In June 1970, ten weeks into my first assignment and three weeks after making first lieutenant, I assumed command of B Troop, 3rd Squadron, 7th Cavalry, in Schweinfurt.
3/7 Cav was the one of the front-line ‘tripwire‘ units stationed along the East German border during the Cold War to deter the much larger Warsaw Pact Soviet forces from seizing West Germany. We believed an invasion could happen any moment. We worked very hard to prepare for that possibility. Fortunately, it never came.
At that point in my new career, I was not nearly ready to command a cavalry troop. I asked the Squadron Commander, a non-grad aviator, to give this command opportunity to a more experienced officer. But for reasons unclear then as now, he was firm that I take the troop. I really did not know where to begin.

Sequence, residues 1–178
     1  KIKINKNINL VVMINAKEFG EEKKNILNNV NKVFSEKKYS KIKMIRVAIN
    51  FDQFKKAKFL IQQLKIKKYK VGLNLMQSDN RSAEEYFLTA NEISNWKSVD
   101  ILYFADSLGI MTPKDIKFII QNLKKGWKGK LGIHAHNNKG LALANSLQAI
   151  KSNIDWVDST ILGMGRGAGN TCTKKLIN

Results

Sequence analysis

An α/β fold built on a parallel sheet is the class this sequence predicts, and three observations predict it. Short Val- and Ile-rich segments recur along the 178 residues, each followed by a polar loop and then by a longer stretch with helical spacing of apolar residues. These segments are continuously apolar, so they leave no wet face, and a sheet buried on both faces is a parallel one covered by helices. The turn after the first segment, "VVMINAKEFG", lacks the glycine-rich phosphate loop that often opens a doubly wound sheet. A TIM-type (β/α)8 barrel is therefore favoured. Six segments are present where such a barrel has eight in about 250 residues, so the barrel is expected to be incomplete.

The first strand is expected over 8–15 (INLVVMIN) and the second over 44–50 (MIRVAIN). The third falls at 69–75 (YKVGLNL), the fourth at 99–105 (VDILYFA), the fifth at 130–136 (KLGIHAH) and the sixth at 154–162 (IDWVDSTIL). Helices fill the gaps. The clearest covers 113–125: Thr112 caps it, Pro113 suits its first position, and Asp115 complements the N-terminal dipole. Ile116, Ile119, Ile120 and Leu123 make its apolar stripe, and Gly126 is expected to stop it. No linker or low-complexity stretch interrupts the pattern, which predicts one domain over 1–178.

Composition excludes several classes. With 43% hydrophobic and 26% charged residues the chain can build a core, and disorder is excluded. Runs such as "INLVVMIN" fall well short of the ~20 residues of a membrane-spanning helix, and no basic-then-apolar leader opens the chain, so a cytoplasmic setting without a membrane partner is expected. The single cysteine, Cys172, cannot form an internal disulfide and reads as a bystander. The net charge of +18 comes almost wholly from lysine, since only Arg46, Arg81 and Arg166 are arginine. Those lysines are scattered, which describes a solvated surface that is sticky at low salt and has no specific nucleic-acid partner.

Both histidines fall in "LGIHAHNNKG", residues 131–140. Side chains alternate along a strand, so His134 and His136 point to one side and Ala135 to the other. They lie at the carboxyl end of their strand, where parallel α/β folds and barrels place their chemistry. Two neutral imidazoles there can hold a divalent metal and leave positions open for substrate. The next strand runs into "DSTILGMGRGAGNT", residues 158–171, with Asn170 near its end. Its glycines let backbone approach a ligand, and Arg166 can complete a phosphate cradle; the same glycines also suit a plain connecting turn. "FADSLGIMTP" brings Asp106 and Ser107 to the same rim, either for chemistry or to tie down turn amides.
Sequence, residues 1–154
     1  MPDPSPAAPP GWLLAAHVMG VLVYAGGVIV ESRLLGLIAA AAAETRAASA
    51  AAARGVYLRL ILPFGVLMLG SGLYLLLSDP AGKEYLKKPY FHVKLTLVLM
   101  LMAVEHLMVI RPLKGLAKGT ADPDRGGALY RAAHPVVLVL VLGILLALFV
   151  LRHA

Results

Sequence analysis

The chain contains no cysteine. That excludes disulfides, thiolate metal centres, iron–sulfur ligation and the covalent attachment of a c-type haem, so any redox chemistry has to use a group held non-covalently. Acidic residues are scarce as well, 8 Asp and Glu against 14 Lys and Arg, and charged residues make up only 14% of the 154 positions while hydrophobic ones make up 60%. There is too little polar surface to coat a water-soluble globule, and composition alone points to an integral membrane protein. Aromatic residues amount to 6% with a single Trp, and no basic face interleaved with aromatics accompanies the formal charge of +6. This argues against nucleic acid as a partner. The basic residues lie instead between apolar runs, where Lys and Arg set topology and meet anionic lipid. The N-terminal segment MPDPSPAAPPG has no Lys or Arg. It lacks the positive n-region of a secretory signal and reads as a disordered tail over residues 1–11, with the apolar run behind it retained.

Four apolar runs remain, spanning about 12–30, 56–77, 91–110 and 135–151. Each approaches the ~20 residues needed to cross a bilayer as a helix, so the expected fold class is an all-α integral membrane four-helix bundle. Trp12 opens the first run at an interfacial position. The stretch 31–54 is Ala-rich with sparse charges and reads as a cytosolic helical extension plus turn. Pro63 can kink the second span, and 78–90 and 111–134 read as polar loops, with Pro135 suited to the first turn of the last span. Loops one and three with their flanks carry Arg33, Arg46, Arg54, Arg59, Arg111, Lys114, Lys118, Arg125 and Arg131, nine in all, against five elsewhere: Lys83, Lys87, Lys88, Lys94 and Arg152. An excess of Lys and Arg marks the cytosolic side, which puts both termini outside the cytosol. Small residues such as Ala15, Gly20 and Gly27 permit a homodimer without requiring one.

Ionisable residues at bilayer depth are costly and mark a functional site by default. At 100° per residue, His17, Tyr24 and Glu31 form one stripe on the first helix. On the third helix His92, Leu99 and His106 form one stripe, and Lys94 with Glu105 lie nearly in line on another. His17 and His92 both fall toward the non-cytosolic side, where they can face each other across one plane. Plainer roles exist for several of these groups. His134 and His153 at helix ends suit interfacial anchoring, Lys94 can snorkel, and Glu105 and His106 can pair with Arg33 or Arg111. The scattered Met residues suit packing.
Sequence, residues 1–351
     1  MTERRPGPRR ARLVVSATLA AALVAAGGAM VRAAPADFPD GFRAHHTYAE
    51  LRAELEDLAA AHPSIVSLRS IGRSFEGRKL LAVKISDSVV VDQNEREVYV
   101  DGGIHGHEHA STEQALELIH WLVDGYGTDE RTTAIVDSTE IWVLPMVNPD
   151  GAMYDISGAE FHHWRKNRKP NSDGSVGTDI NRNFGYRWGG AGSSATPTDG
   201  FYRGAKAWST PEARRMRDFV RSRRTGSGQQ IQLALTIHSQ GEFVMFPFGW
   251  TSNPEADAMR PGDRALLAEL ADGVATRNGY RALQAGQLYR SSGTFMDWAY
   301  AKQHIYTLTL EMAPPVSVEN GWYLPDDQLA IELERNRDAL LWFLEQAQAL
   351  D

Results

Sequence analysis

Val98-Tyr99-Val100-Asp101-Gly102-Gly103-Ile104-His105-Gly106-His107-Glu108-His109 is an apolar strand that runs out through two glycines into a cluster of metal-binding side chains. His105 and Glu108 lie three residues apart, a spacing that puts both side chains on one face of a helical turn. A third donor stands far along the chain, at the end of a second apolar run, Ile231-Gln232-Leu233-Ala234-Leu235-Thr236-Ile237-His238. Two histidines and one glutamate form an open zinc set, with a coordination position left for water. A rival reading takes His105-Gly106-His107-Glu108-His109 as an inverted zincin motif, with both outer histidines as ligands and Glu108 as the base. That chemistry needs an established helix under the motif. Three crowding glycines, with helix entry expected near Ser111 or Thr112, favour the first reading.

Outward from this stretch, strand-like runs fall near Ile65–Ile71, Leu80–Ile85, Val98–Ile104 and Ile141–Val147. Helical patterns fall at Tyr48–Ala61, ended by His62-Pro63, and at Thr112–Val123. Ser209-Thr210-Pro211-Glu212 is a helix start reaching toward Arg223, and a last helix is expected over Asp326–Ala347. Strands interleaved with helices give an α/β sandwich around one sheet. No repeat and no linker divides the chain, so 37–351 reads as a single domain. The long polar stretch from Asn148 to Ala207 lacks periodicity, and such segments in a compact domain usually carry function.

One of the more important recurring obligations of mechanized units in Germany was the monthly submission of DA form 2406, the “Material Condition Status Report”, colloquially the ‘deadline report’. It informed higher headquarters which vehicles were not combat ready, and why. B Troop’s report was due a week after I took command. One thing I actually knew something about was automotive and weapons systems, and I resolved that my deadline report would be 100% accurate.
The Army publishes detailed Equipment Serviceability Criteria (ESC) with very specific requirements for reporting the status of each vehicle type. With the relevant ESC in hand, I made myself conspicuous among my soldiers as they performed the requisite technical inspections of their vehicles. I tried to be clear that I wanted an honest and accurate report, which raised some eyebrows among my NCOs. But they did as I asked. Their honest inspections placed 29 of the troop’s 38 vehicles in the ‘ESC Red’ category, ‘not combat ready’, ‘deadlined’. I confirmed the accuracy of each deadlined vehicle’s status per the ESC, signed the report, and sent it to the Squadron Motor Officer.